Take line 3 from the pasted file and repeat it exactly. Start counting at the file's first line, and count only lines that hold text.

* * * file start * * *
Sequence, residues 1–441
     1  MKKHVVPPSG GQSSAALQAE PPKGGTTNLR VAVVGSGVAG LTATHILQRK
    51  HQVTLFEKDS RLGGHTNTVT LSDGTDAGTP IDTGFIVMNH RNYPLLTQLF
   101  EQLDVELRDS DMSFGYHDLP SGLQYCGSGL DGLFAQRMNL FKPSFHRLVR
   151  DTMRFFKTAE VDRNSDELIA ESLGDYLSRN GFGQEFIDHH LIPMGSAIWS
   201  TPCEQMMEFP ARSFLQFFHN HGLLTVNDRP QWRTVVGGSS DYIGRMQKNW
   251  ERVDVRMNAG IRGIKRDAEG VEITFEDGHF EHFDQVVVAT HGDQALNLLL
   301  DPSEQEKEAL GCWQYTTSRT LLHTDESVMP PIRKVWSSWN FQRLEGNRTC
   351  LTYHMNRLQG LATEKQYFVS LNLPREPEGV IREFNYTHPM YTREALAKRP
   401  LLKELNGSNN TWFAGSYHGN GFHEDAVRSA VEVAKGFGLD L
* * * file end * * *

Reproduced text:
    51  HQVTLFEKDS RLGGHTNTVT LSDGTDAGTP IDTGFIVMNH RNYPLLTQLF